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That's a broad question that could be approached a number of ways. Essentially, with a jury, you are taking sometimes complicated legal issues and placing them in the hands of laymen who are more likely to be motivated by emotion than reason, so one "impact" is that it can sometimes limit or remove legal justice from the courtroom equation and replace or supplement it with a human factor. Now there have to be attorneys who specialize in jury selection, as many have argued that is where a case is truly won or lost.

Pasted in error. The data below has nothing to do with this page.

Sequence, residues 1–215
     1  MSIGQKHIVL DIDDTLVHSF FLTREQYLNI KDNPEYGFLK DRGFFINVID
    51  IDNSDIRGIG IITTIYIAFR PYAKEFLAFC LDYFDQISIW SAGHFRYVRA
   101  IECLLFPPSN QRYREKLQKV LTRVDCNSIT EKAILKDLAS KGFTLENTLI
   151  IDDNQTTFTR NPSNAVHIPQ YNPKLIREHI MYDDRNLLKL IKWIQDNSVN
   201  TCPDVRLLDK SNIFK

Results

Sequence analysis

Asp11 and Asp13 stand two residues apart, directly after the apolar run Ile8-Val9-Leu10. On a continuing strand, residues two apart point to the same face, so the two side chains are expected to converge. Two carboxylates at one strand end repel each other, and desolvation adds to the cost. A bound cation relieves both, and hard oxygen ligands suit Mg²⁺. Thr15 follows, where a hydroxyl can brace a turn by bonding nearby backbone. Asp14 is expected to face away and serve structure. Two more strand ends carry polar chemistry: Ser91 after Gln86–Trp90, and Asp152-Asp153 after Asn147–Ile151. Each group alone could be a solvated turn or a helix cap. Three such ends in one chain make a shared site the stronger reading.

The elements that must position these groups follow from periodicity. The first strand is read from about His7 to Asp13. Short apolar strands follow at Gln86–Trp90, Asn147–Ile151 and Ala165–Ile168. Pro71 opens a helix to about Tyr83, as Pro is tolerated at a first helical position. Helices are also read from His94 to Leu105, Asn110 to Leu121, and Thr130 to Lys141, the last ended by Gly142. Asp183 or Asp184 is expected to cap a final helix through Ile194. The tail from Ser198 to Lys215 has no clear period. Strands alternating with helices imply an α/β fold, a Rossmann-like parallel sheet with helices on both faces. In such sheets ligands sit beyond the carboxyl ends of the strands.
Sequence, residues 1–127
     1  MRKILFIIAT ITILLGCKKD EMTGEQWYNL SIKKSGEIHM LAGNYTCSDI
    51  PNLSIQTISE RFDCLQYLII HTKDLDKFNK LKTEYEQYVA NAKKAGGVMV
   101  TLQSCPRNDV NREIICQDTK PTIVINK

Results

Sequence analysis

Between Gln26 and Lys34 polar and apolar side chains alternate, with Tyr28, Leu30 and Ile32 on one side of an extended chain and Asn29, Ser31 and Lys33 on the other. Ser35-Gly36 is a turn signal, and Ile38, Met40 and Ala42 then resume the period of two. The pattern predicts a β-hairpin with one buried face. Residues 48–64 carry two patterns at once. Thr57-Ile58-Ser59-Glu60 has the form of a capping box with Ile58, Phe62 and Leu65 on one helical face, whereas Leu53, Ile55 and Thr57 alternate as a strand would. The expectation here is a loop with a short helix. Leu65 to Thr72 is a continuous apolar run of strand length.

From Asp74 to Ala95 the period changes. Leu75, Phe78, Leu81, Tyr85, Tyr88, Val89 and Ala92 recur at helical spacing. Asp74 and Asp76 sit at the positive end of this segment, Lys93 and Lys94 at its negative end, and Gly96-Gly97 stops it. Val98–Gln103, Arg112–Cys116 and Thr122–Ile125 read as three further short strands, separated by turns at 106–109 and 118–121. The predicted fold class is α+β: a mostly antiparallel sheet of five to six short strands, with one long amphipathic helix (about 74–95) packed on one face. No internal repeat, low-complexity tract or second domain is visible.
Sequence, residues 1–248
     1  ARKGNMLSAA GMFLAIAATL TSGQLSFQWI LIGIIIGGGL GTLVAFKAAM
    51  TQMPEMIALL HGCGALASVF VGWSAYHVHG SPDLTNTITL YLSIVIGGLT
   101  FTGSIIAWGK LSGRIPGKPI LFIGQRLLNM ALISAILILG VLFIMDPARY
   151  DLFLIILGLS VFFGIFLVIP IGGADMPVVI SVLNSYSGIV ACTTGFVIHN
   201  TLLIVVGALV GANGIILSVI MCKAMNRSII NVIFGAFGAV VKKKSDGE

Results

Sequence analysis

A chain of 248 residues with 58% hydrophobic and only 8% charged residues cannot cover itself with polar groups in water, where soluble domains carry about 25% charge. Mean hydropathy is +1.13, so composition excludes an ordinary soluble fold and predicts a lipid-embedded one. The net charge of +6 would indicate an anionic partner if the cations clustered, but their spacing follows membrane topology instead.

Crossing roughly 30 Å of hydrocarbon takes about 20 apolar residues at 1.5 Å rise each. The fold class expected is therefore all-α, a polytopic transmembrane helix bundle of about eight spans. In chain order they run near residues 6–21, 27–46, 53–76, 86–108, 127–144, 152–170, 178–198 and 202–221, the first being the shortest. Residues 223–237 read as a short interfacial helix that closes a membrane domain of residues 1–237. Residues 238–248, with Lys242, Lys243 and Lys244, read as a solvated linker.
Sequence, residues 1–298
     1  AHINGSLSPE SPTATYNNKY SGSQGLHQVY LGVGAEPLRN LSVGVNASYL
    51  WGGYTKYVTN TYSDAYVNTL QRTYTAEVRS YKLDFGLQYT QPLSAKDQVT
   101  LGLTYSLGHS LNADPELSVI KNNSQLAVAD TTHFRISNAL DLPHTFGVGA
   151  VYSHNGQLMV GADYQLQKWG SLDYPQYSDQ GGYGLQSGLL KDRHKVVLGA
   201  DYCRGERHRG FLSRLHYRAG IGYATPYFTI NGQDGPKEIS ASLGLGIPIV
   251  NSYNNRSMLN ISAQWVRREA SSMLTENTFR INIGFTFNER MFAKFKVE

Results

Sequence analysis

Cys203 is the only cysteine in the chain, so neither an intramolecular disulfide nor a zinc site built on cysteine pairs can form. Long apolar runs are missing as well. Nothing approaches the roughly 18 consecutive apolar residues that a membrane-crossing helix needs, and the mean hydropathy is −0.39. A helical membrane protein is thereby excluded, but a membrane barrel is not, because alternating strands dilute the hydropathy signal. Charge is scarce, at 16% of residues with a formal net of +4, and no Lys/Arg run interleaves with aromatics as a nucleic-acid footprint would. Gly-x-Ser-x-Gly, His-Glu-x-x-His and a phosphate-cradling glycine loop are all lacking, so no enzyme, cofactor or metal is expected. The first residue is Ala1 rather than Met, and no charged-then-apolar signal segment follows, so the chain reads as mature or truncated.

Another more significant long-range impact is the additional cost the justice system and individuals have to bear in order for us to conduct full jury trials, as well as the extended amounts of time involved to do so as justly as possible. This delays other cases, sometimes for years, can cause changes in venue, mistrials and opens up the possibility of jury tampering and misconduct. In short, it makes the practice of law and the administration of justice much more complicated.
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